The Game & Wildlife Conservation Trust (GWCT) is encouraging birdwatchers across the UK to count their local Woodcock from now until 30 June. There has been a worrying decline in the numbers of breeding Woodcock over the last 40 years and, throughout May and June, the GWCT and the British Trust for Ornithology (BTO) are working together to raise awareness of our native Woodcock numbers.
“There are likely to be a number of factors contributing to the decline, from changing habitat to increasing predation.” explains Dr Andrew Hoodless, Head of Wetland Research at the GWCT. “Ongoing monitoring is essential to help us understand annual fluctuations in numbers and assess the trend. The more volunteers who are willing to help out, the more accurate a picture we will obtain. We are asking birdwatchers to help us with this year’s survey by making three counts at dusk of displaying males.”
The Woodcock, being largely nocturnal, can be hard to spot. However, males conduct a distinctive courtship flight, accompanied by a shrill call, known as ‘roding’ at dawn or dusk.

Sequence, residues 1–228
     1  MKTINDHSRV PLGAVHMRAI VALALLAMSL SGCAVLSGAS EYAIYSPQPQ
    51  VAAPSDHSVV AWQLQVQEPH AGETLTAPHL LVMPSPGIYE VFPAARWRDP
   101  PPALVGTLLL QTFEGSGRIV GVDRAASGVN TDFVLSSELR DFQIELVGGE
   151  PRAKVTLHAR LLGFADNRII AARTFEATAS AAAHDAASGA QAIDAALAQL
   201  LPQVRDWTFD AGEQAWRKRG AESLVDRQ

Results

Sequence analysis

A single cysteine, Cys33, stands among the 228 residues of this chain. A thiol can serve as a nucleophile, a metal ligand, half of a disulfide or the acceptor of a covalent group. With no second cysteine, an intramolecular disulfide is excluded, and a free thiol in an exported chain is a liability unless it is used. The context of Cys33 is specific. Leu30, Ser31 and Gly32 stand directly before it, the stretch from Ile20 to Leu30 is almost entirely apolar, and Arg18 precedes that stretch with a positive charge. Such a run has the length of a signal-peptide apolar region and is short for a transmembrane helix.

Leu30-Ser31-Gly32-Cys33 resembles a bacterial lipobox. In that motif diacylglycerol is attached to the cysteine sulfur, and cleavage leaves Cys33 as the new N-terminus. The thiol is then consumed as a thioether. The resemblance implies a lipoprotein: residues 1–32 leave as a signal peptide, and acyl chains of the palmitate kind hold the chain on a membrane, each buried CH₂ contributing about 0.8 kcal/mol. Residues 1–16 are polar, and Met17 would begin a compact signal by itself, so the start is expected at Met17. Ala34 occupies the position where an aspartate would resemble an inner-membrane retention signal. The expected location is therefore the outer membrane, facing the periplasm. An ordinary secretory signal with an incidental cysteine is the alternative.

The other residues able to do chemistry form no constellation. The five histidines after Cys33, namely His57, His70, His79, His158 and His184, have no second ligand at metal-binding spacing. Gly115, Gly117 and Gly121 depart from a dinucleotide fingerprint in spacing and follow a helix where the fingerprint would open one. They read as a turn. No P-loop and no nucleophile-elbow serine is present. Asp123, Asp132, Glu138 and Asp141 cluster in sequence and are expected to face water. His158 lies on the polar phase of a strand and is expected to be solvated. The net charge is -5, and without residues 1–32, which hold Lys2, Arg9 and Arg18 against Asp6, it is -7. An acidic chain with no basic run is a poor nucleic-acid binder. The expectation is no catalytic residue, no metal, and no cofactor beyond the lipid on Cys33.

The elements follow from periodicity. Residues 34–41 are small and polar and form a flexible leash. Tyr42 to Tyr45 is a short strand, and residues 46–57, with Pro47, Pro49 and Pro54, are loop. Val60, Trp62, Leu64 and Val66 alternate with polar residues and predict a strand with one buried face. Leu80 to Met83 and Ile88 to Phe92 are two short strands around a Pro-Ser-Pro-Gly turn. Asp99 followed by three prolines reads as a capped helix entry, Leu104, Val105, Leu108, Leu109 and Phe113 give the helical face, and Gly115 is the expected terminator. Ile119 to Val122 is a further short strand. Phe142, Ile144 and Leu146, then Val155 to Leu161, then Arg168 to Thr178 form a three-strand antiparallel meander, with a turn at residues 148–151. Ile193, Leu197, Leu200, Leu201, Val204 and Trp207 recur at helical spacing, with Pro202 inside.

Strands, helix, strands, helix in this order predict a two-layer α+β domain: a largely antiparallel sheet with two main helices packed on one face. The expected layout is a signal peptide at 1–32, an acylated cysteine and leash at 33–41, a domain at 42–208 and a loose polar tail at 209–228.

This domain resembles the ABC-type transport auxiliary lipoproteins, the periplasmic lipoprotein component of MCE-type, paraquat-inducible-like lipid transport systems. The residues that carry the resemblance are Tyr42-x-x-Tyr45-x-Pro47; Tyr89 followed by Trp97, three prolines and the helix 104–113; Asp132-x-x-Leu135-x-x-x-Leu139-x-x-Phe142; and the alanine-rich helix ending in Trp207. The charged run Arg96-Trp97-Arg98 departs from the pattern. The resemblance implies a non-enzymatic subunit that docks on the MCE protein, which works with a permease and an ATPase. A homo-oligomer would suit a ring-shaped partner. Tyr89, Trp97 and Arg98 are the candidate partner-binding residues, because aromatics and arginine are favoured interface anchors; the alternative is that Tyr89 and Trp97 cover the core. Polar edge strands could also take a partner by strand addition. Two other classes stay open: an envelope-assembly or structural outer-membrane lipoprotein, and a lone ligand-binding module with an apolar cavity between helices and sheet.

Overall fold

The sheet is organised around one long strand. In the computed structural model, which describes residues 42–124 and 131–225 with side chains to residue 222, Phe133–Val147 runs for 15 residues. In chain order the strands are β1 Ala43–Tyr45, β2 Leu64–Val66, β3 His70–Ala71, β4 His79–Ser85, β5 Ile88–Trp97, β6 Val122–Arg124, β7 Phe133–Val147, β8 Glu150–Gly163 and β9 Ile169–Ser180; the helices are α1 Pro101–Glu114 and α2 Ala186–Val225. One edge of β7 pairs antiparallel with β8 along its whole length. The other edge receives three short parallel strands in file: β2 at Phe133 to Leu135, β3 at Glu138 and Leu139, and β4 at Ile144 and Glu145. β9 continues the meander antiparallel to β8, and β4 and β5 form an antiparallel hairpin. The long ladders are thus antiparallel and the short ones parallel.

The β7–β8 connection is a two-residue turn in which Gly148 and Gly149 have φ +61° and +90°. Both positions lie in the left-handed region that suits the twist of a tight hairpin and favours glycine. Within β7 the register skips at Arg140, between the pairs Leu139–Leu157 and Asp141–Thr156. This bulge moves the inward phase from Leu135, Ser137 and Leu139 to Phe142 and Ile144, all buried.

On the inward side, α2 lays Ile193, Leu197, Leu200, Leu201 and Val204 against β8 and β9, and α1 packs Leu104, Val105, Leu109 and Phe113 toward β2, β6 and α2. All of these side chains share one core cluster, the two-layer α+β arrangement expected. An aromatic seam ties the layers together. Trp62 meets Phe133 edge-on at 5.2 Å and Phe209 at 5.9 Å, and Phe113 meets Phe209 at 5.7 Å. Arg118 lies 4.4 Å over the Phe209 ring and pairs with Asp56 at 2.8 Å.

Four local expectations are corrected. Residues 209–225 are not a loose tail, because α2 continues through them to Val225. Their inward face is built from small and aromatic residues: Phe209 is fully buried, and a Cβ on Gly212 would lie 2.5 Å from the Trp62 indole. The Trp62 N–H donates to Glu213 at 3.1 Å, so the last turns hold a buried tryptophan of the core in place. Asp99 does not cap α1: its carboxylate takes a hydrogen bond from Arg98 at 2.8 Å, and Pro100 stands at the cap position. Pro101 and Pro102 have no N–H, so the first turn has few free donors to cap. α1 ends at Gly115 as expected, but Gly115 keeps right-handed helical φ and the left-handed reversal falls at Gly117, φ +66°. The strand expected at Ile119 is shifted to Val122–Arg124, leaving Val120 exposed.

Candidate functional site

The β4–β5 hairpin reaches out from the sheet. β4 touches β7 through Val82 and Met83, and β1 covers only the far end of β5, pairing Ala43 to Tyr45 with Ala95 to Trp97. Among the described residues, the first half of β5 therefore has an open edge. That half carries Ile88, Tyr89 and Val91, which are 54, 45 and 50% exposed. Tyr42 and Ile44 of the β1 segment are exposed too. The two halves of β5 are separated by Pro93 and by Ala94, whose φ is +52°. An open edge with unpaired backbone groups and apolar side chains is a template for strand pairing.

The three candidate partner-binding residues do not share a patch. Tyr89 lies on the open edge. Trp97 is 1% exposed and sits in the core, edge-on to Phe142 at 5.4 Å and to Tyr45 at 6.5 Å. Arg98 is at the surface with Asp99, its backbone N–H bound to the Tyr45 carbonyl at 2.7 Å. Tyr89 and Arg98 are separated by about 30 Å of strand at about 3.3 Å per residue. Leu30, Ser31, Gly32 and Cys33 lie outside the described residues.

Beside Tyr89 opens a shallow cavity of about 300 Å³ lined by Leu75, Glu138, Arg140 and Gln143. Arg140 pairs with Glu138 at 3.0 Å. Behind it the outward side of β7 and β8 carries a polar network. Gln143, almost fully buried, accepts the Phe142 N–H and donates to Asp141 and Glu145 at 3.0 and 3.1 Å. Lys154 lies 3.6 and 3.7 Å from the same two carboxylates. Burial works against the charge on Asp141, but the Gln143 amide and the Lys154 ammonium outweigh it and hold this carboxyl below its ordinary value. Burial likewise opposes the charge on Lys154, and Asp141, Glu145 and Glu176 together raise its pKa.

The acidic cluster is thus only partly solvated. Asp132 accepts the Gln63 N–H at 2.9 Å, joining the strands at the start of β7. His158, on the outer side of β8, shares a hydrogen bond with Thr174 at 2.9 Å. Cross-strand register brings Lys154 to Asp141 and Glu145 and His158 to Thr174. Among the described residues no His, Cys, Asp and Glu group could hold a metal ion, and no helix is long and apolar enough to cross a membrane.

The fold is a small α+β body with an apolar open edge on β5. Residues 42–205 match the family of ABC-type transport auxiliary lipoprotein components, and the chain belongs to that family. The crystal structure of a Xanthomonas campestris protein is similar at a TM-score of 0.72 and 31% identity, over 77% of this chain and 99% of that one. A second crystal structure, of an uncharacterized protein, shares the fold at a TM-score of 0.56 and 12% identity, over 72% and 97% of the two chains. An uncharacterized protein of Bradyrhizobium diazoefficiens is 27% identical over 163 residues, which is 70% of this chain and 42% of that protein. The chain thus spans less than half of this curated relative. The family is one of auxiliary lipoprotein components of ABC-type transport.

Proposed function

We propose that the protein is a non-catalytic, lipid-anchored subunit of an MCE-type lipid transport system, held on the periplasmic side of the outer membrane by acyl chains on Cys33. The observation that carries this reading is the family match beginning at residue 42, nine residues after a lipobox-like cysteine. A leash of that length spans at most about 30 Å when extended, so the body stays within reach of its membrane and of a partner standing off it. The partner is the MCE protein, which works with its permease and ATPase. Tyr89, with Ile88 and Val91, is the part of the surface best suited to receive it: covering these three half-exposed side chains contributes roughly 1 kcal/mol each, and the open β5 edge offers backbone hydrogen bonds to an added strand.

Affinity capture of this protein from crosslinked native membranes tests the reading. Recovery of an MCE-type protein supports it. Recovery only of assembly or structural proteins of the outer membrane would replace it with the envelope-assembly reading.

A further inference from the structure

Surveys of the male Woodcock show that following a period of relative stability, between 2009 and 2014, numbers dropped in 2015 and we now have about 55,000 breeding males in Britain. Given this trend, it is essential that the counts continue, and greater participation will help to reduce the errors around annual estimates. Key areas in the UK where counting is urgently needed include Norfolk, Yorkshire, Northumberland, North Wales and Scotland.
Dr Hoodless concludes: “We are very grateful to all the surveyors who have already taken part in our annual Woodcock surveys and would urge you to continue.”
For full details of how to take part see www.bto.org/volunteer-surveys/woodcock-survey. To learn more about current research on breeding Woodcock visit www.woodcockwatch.com/tracking-woodcock/tracking-breeding-woodcock/
Notes to editors
The Game & Wildlife Conservation Trust – providing research-led conservation for a thriving countryside. The GWCT is an independent wildlife conservation charity which has carried out scientific research into Britain’s game and wildlife since the 1930s. We advise farmers and landowners on improving wildlife habitats. We employ 22 post-doctoral scientists and 50 other research staff with expertise in areas such as birds, insects, mammals, farming, fish and statistics. We undertake our own research as well as projects funded by contract and grant-aid from Government and private bodies. The Trust is also responsible for a number of Government Biodiversity Action Plan species and is lead partner for grey partridge and joint lead partner for brown hare and black grouse.
ISDN radio broadcast line – at our Fordingbridge HQ we have an ISDN radio broadcast line, allowing us to conduct interviews remotely.
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Telephone: 01425 651000